Lula Reed

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Lula Reed
Birth name Lula Marietta McClelland
Also known as Lulu Reed
Born (1926-03-21)March 21, 1926
Mingo Junction, Jefferson County, Ohio, United States
Died June 21, 2008(2008-06-21) (aged 82)
Detroit, Michigan, U.S.
Genres R&B, gospel
Occupation(s) Singer
Years active 1951–1967
Labels King, Argo, Federal, Tangerine
Associated acts Sonny Thompson
Freddy King

Lula Reed (born Lula Marietta McCleland or McClelland, March 21, 1926 – June 21, 2008)[1][2] was an American rhythm and blues and gospel singer who recorded in the 1950s and 1960s. She had two R&B hits in 1952 as vocalist with pianist and bandleader Sonny Thompson, and later recorded with guitarist Freddy King. She was occasionally credited as Lulu Reed.

Biography[edit]

Reed was born in Mingo Junction, Jefferson County, Ohio. As a child her family moved to Port Clinton, Ohio,[2] where she sang in her local church choir. She was mentored by blind gospel singer Professor Harold Boggs, before winning an audition over 50 other contestants in Toledo to become the vocalist with Sonny Thompson's band.[3] Credited as vocalist on Thompson's records, she made her recording debut for King Records in Cincinnati in late 1951, on the song "I'll Drown in My Tears" written by Henry Glover. The song reached no.5 on the Billboard R&B chart in 1952, and was recorded by Ray Charles in 1956 as "Drown in My Own Tears", with wider commercial success.[4][5]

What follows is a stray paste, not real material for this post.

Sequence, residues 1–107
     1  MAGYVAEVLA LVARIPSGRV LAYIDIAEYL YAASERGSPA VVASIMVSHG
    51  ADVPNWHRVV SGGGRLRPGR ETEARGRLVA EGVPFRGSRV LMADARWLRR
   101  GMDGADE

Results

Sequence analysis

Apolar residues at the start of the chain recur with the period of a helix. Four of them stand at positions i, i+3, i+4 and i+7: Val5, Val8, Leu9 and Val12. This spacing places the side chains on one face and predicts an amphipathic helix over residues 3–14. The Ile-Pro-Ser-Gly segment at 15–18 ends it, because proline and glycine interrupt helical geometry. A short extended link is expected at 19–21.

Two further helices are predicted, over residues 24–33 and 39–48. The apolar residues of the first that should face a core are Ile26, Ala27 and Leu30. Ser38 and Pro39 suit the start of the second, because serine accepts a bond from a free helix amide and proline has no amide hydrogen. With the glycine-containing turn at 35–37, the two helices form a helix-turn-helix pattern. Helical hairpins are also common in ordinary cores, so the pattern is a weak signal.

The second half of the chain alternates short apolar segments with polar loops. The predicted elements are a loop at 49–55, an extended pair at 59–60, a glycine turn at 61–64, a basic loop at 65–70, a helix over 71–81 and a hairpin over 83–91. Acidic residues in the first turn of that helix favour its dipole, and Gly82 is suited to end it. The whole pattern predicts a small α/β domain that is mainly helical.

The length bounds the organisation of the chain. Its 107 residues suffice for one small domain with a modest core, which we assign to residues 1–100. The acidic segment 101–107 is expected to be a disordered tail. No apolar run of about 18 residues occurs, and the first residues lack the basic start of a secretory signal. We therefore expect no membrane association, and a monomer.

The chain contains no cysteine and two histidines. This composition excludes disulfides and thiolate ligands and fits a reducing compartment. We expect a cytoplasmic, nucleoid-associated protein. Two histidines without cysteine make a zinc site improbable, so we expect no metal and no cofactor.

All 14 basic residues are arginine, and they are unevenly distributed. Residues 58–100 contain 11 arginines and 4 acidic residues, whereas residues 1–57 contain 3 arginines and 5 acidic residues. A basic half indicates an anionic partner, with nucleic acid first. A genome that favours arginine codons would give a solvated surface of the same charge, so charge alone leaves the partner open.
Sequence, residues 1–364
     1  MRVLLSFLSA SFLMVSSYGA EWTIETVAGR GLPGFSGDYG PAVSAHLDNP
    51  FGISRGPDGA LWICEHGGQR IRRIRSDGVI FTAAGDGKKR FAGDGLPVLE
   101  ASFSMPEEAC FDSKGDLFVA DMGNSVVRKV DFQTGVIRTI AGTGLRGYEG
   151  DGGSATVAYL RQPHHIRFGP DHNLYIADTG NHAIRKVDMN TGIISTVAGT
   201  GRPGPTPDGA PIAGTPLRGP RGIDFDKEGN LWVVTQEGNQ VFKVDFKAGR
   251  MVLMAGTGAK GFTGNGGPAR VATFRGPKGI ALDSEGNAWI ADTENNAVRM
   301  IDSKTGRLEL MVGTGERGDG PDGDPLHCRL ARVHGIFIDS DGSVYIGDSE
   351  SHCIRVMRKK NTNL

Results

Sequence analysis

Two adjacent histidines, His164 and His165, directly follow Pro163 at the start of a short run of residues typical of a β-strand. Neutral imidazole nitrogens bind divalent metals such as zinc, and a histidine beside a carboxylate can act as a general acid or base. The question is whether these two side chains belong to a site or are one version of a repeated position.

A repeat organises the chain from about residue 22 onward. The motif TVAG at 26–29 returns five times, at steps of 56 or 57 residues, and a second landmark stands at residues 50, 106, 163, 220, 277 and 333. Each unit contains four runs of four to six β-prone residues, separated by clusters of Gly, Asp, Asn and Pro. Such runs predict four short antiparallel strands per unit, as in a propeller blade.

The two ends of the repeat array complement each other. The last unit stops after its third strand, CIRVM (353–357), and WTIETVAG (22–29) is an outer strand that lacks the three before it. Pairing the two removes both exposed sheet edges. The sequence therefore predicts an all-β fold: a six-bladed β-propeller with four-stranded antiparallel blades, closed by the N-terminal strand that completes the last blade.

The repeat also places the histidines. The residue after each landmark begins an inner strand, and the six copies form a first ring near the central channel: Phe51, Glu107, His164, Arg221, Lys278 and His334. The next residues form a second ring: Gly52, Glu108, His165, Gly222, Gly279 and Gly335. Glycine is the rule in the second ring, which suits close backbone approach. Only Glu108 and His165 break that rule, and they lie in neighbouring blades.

Reed's next record with Thompson, "Let's Call It A Day", also written by Glover, reached no.7 on the Billboard R&B chart.[5] Most of her later records for King were credited in her own name, although she continued to record with Thompson, who became her husband in 1954.[6] She was a versatile singer, performing some gospel songs as well as blues and R&B. Her 1954 recording, "Rock Love", was later covered by Little Willie John.[7] She remained popular, being voted no.4 R&B singer in the Cash Box annual poll in 1954, and continued to record for the King label until 1956. However, Reed failed to have any further chart hits. King released an album of her recordings, Blue And Moody, in 1958.[1][4][8]

Reed and Thompson recorded for the Chess Records subsidiary Argo between 1958 and 1960, before returning to Cincinnati and starting to record for King's subsidiary Federal label in 1961. She released seven singles on Federal over the next two years, on many of them accompanied by Freddy King, but none made the charts. Accompanied by King and Thompson, she also released an album on Federal, Boy-Girl-Boy, in 1962. She then moved to the Tangerine label set up by Ray Charles, and recorded a series of singles in the early 1960s. Her final single was released in 1967.[1][7][8]

She then left the music business, and later refused to talk about her career singing and recording secular rhythm and blues music.[4] She died in Detroit, Michigan in 2008 at the age of 82.[2]

Several compilation albums of her recordings have been issued, including I'll Drown In My Tears - The King Anthology.[8]

References[edit]

  1. ^ a b c Lula Reed at SoulfulKindaMusic.com. Retrieved 29 December 2013
  2. ^ a b c Eagle, Bob; LeBlanc, Eric S. (2013). Blues - A Regional Experience. Santa Barbara: Praeger Publishers. p. 56. ISBN 978-0313344237. 
  3. ^ Jet, 22 January 1953, p.62. Retrieved 29 December 2013
  4. ^ a b c Dave Penny, Lula Reed, Black Cat Rockabilly. Retrieved 29 December 2013
  5. ^ a b Whitburn, Joel (1996). Top R&B/Hip-Hop Singles: 1942-1995. Record Research. p. 443. 
  6. ^ Jet, 9 September 1954, p.63. Retrieved 29 December 2013
  7. ^ a b Biography by Bill Dahl at Allmusic.com. Retrieved 29 December 2013
  8. ^ a b c Pete Hoppula, Lula Reed Discography, WangDangDula.com. Retrieved 29 December 2013